International Community Service
As a strategic communications advisor for the United
Nations (UN) Development Program, alumnus Adam Rogers has reached a pinnacle in
international development. Based in Geneva, Switzerland, Rogers serves as a
crucial link between the UN and donors in industrialized nations. His job is to
persuade governments, policy makers, and influencers that the path to a better
world requires long-term vision and financial commitment.
Rogers' path to global leadership, however, wasn't so planned
out. As a freshman at Northern Arizona University in 1982, Rogers realized that
he had no idea what he wanted to do. He only knew that he was passionate about
"I took off with a backpack and hitchhiked to New
York," he says. "I bought a one-way ticket to Senegal, and got off
the plane eight hours later not knowing a single person in the plane, the city,
the country, or the entire continent. That was the start of a five-year journey
that took me to nearly 60 countries."
Following his passion
When Rogers returned to the United States in 1987, he
finally knew what he wanted to do: earn a degree in international affairs from
Northern Arizona University. His time spent traveling convinced him to follow
his passion. After he re-enrolled at the university, Rogers discovered that he
could profit from another interest: writing.
"What really made a difference for my career,
starting at NAU, was not only the classes, the camaraderie and the excellent
education, but also the Lumberjack newspaper," he says.
"It was a great training field for me, especially in terms of writing
under pressure. I volunteered to write a column called 'NAU Global View,' where
I took global events and localized them for the campus audience. It was so well
accepted that I was offered a scholarship if I continued writing."
After graduation, Rogers helped found—and became
editor-in-chief of—a magazine dedicated to raising environmental consciousness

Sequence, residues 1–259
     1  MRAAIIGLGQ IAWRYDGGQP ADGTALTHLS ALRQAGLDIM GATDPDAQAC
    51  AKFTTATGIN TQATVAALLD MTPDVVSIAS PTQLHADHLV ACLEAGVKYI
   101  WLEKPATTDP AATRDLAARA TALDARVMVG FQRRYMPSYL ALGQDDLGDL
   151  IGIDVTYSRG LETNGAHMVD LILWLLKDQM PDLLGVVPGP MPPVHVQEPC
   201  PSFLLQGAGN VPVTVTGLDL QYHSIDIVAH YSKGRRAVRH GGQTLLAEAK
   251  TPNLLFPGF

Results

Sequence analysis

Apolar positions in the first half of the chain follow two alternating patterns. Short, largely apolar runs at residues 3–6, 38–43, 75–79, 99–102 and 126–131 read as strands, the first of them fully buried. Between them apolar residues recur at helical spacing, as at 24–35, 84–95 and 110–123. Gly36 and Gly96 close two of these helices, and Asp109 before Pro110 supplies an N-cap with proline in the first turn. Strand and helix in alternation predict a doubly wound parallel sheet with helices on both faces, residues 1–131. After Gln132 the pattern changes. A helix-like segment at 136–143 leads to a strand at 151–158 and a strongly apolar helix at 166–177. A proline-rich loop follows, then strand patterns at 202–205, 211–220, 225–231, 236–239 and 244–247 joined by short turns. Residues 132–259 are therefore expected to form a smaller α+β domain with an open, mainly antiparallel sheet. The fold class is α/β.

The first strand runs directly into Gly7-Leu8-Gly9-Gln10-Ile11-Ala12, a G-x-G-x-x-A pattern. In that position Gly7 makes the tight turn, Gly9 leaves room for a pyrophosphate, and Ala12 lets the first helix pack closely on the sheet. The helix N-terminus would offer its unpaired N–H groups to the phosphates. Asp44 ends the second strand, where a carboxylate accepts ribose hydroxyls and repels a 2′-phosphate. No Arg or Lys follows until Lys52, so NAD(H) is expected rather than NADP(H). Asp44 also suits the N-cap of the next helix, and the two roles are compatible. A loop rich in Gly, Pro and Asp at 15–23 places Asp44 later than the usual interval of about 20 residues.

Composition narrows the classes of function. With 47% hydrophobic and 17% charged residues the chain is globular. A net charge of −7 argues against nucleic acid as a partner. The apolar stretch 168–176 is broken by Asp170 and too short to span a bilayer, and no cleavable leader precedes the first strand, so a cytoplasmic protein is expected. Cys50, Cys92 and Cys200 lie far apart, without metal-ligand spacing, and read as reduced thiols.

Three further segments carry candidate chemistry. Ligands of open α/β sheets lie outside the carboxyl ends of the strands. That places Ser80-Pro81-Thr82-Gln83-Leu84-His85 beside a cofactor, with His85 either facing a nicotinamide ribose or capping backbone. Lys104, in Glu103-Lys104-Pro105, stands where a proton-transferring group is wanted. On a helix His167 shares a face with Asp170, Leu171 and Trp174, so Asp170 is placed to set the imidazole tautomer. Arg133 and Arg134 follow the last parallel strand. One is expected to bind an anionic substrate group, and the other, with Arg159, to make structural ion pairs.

in the United States. The magazine attracted a star-studded editorial
board—including celebrities like Kenny Loggins and John Denver—and Rogers soon
found himself traveling the world covering international issues.
He soon moved on to another entrepreneurial venture,
however, helping to found a software company that was poised to become a
multi-billion-dollar corporation. Before his company went public, however, the
UN offered him a position working with the least industrialized countries in
the world. According to Rogers, he faced a stark choice: follow the money, or
follow his heart.
"Ultimately, what made the decision was reflecting
on my five years of travel around the world, when I had no money and relied on
the hospitality of strangers throughout Asia and Africa," he says.
"People in the poorest villages you could imagine kept inviting me into
their homes—people with mud huts and dirt floors were so open-hearted and
hospitable. I couldn't turn my back on all these people that had been so
generous to me."
Since he joined the UN, Rogers has dedicated his life to
helping citizens in impoverished countries build regulatory institutions that
most citizens of industrialized countries take for granted. The importance of
institutions, he says, is very evident in a place like Haiti. Following the 2010
earthquake in Haiti, Rogers spent three months there helping to manage media
relations for the UN. According to Rogers, transparent and accountable
institutions in Haiti may have prevented a lot of suffering.
"It's hard for us to see because we live in one of
the richest countries in the world, but institutions keep people honest,"
he says. "The buildings that were built to code in Port-au-Prince didn't
collapse. It costs 5-10 percent more to construct a building that is
earthquake-proof, and construction crews almost anywhere in the world will cut
corners if they are not properly supervised. So when an earthquake comes, and a
building collapses on a bunch of kids, it's sad—it didn't need to happen, when
all it takes is proper supervision."
As he reflects on the path that took him to the UN,
Rogers has no regrets about the choices he made. In fact, he urges current
students to make the choices that are right for them—and not for anyone else.
"Don't do what you think you should do, or what
someone else tells you that you should do," he says. "If you don't
know what you want to do, take some time off. Follow your passion, learn about
what you want to learn about, and learn about the world."